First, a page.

Their preparations were simple and swift. They chose to take their three favorite dogs led by Jupiter, the oldest, strongest, and most even-keeled of the lot. He had the experience to tame any wild or unsafe actions of the other dogs and could administer discipline when needed. Tassi (Tassiorpok, the guide) was the youngest and she possessed the keenest of senses. When there was uncertainty concerning the weather, a sound, or what path was the safest, Tassi was the one all looked at for guidance. Lastly, there was Angus (Angusuktok, the good hunter). Angus could smell prey for several kilometers and understood by verbal command what animal Kappi and Elizabeth wanted him to seek. This proud team was considered a vital, integral part of their family.
Off they went on their adventure with their dogs carrying food, supplies, clothing, hunting weapons and tools. They were finally able to leave behind the realities of the real world. There was no need to discuss their destination. Each knew instinctively where they would go.
With Tassi in the lead, Kappi provided the verbal commands that guided them toward a special hidden river valley. In the summer months, the river would flow freely, but now it was completely iced over. Tassi understood where Kappi wanted to go, and he let Tassi guide them with little intervention.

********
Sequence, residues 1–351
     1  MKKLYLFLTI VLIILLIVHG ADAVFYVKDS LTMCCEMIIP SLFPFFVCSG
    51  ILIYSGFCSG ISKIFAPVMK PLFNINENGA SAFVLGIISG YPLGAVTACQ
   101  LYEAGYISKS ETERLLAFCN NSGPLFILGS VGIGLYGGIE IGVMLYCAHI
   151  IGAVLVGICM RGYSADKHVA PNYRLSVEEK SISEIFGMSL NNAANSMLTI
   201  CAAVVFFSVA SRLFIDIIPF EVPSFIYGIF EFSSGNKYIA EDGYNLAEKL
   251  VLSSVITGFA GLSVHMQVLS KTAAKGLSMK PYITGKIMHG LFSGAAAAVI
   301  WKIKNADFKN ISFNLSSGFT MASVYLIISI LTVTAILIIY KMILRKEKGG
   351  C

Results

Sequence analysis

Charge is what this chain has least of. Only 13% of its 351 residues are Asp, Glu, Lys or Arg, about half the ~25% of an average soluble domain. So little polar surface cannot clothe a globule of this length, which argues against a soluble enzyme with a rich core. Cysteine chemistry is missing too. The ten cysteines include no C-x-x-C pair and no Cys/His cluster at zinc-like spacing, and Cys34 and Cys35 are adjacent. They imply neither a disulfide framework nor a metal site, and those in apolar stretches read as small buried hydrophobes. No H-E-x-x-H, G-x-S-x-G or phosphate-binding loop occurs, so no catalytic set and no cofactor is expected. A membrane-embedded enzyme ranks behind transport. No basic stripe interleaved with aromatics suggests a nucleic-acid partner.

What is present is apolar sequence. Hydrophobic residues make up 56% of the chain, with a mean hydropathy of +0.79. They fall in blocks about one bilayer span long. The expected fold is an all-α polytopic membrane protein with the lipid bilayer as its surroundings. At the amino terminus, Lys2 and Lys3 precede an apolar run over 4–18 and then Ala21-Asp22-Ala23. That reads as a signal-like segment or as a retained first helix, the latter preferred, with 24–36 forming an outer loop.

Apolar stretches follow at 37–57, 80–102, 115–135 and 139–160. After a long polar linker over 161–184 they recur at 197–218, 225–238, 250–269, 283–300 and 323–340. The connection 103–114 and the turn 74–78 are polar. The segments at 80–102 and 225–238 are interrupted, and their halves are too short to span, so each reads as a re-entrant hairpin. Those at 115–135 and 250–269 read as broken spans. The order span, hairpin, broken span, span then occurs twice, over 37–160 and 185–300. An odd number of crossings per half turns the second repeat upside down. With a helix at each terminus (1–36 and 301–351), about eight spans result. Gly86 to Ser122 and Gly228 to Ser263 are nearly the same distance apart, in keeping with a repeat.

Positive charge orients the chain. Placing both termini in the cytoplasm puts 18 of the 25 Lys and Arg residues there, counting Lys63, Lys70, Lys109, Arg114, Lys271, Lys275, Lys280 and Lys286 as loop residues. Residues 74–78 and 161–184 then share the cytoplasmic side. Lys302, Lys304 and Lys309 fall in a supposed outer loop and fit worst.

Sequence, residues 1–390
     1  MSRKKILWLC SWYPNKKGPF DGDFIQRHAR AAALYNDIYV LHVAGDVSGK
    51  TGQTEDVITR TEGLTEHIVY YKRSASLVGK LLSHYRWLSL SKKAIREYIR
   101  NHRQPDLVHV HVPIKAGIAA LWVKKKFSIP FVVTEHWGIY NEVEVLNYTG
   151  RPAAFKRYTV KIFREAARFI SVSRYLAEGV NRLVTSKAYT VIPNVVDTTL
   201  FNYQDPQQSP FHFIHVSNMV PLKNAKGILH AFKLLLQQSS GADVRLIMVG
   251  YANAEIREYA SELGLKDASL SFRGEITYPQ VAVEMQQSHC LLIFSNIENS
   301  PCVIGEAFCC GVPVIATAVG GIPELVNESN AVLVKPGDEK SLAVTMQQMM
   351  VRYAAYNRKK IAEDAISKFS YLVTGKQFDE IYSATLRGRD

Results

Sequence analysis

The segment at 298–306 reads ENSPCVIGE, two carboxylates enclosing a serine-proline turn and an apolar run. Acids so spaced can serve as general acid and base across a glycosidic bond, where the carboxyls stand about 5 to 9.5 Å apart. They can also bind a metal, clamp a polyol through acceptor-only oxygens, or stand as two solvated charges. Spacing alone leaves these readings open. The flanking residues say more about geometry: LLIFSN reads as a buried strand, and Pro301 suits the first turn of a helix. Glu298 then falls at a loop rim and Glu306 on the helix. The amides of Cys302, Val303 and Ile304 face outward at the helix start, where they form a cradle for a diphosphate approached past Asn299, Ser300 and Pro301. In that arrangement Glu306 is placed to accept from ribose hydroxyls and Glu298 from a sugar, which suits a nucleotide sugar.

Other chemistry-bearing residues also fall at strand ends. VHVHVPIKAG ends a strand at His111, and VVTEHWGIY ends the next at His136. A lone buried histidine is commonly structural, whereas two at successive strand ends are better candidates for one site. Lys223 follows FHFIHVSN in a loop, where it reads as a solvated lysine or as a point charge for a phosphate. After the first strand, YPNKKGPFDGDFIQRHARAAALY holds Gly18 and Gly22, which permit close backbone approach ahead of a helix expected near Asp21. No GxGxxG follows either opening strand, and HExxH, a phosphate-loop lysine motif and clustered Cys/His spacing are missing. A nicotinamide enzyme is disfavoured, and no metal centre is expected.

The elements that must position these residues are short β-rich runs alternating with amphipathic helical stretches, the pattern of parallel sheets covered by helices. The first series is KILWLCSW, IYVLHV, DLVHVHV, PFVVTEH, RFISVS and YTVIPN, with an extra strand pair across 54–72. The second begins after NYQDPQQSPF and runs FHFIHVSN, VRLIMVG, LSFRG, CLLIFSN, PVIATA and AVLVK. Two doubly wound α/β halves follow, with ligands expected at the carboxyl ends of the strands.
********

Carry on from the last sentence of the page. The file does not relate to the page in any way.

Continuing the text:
Elizabeth and Kappi were struck by the sheer majesty of this place even though they had been there before. Their place, which they called Uyaraut (meaning “precious stone” in the Inuit language), was bounded on three sides by cliffs providing a magnificent vista of the frozen river valley as it stretched for kilometers between the Arctic Ocean on the north end and the cloud-topped mountains to the south. Their camp was about halfway down the steep slope on a relatively flat area with a deep cave at the most easterly point. Uyaraut presented a perfect view of the sunset at this time of year. The setting provided shelter from the strong winds relentlessly funneling across the treeless, snow-encapsulated tundra.
Throughout their stay, Kappi and Elizabeth hardly uttered ten words to each other. In Uyaraut, they let in the solitude, the silence, their heartbeats, their individual breaths and all that surrounded them. It was an empathic event for Kappi and Elizabeth and it bridged the barrier of mental separateness intrinsic to humans. Uyaraut acted as an amplifier…